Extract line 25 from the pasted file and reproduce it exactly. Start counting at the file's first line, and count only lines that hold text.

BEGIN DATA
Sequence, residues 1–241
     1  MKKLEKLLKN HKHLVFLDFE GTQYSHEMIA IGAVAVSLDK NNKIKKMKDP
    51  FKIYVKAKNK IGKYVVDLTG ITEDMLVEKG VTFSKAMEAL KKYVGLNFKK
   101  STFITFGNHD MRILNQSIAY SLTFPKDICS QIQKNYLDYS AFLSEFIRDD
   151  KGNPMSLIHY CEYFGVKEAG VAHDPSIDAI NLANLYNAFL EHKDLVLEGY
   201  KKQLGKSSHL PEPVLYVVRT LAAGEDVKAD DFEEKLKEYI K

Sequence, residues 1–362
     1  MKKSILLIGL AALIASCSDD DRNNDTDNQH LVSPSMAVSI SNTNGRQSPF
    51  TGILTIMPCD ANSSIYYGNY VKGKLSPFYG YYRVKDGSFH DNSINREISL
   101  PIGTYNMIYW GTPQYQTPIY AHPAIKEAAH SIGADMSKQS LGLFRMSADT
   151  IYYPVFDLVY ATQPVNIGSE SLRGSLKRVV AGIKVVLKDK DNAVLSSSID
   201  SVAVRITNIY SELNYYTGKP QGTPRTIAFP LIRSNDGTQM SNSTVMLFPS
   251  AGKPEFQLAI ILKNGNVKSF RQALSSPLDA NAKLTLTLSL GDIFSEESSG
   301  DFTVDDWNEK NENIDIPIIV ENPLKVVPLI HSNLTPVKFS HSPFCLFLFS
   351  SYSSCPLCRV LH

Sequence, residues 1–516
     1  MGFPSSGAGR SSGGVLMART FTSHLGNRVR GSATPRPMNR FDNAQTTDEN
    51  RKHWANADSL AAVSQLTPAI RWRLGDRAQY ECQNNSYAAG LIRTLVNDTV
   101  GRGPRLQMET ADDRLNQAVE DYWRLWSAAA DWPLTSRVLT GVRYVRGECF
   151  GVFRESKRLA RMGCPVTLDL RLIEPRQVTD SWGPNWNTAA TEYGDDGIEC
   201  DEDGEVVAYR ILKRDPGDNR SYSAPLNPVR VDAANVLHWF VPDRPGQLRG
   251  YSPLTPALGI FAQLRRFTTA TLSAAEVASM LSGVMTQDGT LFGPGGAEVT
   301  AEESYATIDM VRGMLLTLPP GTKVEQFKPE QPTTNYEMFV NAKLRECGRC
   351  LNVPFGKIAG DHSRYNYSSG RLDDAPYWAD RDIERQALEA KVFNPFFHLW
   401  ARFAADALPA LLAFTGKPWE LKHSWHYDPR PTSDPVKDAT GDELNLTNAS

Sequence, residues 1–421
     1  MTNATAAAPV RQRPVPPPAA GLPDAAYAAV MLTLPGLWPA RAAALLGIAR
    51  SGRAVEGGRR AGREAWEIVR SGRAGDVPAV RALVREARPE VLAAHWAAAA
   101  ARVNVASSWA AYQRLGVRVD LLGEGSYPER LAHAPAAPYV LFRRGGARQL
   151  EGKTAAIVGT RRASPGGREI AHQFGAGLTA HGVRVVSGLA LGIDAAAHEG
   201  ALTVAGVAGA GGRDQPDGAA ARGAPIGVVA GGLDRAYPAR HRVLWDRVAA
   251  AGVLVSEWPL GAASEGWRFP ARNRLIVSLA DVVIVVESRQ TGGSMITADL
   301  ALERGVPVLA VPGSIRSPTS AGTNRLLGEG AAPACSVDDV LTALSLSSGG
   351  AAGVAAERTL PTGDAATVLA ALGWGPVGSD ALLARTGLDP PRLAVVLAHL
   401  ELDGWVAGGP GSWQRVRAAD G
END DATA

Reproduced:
   401  ARFAADALPA LLAFTGKPWE LKHSWHYDPR PTSDPVKDAT GDELNLTNAS